The bus stop where I usually catch my bus is on top of a hill. Sometimes I see people running up the hill just in time to catch the bus coming from behind. This morning, while I waited for my bus, I observed a man running up the hill. Is there a bus coming, I wonder? I had a thought that I should make no judgments and just observe. The man ran up the hill, ran past the bus stop and kept running. He didn’t have the usual track suit or sports gear you would associate with someone going for a run. He was dressed in a regular way yet he was running, maybe just for the hell of it.
Years ago, there was an excellent billboard advertisement in underground stations. In the picture is a white police officer chasing a black man. The picture evokes thoughts of police brutality, racism etc. But on closer inspection, you realise these two men are both police officers – one in uniform, the other in plain clothes. They are actually chasing someone else. The ad was challenging stereotypes and false assumptions.
The other night, I watched the movie, “Indiana Jones and the Last Crusade.” Indiana, played by Harrison Ford, is on a search for the Holy Grail with his father, played by Sean Connery. In a scene, Indiana’s is on a tank which goes over a cliff. His father and two friends believe he is dead. His father is upset and regretting not spending enough time with him. The other two friends are visibly distressed. In the meantime, the invincible Indiana manages to crawl up the cliff and walks up behind them. He sees his friends and father looking over the cliff. He is curious to see what they’re looking at. They realise Indiana is alive and well and everyone is jubilant.
In the allegory of creation in Genesis, Adam and Eve are told by their creator, the Lord God, that they can eat fruits from other trees except the “tree of the knowledge of good and evil.” Disobedience will result in death. Then comes the serpent who tempts Eve into eating from this tree. The serpent tells Eve that she will not die but she will “be as gods, knowing good and evil.” Eve likes what she sees, eats the fruit and passes some to Adam who eats the fruit. The result of disobedience is that humanity is cursed to endure hardship, pain and suffering. (See chapters 2 and 3 of Genesis).
There have been various interpretations of this allegory. I have read an interpretation in the book “Autobiography of a Yogi,” that Adam represents reason while Eve represents feeling.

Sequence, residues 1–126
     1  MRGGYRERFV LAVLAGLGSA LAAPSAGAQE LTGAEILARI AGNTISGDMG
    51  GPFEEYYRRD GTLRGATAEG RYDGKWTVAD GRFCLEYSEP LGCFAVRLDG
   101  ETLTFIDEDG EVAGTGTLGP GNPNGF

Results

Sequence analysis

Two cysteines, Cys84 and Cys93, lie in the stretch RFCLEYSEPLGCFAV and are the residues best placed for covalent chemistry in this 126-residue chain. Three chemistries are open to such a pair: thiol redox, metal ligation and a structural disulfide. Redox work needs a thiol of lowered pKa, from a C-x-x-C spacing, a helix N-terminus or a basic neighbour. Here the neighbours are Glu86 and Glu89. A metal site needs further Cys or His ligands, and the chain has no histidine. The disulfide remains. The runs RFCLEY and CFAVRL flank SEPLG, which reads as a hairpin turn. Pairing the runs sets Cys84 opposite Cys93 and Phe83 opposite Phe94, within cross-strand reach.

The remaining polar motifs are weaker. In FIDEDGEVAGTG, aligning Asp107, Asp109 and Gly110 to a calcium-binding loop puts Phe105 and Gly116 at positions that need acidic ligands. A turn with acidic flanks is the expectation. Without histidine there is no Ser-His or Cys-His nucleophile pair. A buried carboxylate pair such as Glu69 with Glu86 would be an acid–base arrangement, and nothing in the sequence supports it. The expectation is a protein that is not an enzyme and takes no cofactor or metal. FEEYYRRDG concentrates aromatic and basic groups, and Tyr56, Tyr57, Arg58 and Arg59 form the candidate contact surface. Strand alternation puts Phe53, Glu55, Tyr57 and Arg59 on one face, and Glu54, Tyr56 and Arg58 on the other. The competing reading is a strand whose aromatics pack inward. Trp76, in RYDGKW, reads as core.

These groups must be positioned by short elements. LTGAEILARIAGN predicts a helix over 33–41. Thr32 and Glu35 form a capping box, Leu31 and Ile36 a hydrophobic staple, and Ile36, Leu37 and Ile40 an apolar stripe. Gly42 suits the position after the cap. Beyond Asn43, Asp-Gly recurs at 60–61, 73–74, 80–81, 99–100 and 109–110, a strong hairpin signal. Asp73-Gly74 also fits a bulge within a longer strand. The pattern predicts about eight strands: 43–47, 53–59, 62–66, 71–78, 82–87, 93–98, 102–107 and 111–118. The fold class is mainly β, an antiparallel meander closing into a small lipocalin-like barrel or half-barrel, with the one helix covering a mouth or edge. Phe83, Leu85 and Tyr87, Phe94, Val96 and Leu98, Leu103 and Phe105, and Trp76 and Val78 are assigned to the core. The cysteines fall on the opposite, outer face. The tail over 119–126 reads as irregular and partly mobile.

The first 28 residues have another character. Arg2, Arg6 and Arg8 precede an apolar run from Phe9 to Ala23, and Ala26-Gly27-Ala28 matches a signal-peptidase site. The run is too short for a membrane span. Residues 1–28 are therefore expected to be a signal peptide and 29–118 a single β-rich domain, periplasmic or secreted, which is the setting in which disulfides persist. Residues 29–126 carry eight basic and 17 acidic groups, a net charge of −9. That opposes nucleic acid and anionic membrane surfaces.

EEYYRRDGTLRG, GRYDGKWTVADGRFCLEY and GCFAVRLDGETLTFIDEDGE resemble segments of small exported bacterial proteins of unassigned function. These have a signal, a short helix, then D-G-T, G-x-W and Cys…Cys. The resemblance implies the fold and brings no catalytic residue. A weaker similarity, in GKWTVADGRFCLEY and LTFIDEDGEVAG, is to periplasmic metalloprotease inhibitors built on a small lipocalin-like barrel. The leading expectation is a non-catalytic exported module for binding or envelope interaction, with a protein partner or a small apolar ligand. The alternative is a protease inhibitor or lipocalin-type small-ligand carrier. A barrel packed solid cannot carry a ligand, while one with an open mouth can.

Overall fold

This is the way I interpret this allegory. Adam and Eve and the serpent, all three represent states of mind i.e. thoughts, emotions and the five senses. A snake uses its forked tongue to sense what is around it and, in the same way, mortals tend to use their senses, thoughts and emotions to perceive and experience reality. The fruits of the “tree of knowledge of good and evil” represents false perceptions resulting from identifying yourself with your emotions, thoughts or senses. The warning is that you cannot rely upon the various states of mind nor should you trust them. The only one you can trust to interpret reality is the Spirit within. One thing that is usually missed out is that in the allegory in chapter 2, it is written that:
“And out of the ground made the LORD God to grow every tree that is pleasant to the sight, and good for food; the tree of life also in the midst of the garden, and the tree of knowledge of good and evil.” (Genesis 2: 9)
Note the key words are “pleasant to the sight, and good for food.” It is also written that when Eve was tempted she “saw that the tree was good for food, and that it was pleasant to the eyes. ” There is a similarity between the appearances of the fruits on the tree the Lord God has prepared as food, and the fruits from the “tree of the knowledge of good and evil,” that Eve eats from. You see, the similarity is because of our senses deceiving us to judge things as good. What I believe this allegory is saying is that the only one you can trust to give you proper judgment is the Spirit, the I Am Presence, the Lord God, the formless consciousness free of all concepts and labels, which is your true identity; not the counterfeit version of humanity which judges according to appearances, beliefs, feelings and labels.
This is why one should never judge by appearances. If you are going to judge, you have to be able to see the big picture before you judge. If you don’t have the big picture, do not judge. It’s as simple as that.
In the beginning of this article I cited images that can easily be misinterpreted by appearances. The man running up the hill was simply having a jog, not running for a bus. The black man being chased by a police officer was actually a police officer. Indiana Jones appearing to fall over a cliff was never injured. But if you depend on what your senses tell you, you end up living a lie or experiencing a roller-coaster of emotions.
The best thing is I do not judge anything unless I know the full picture.
I am That I am,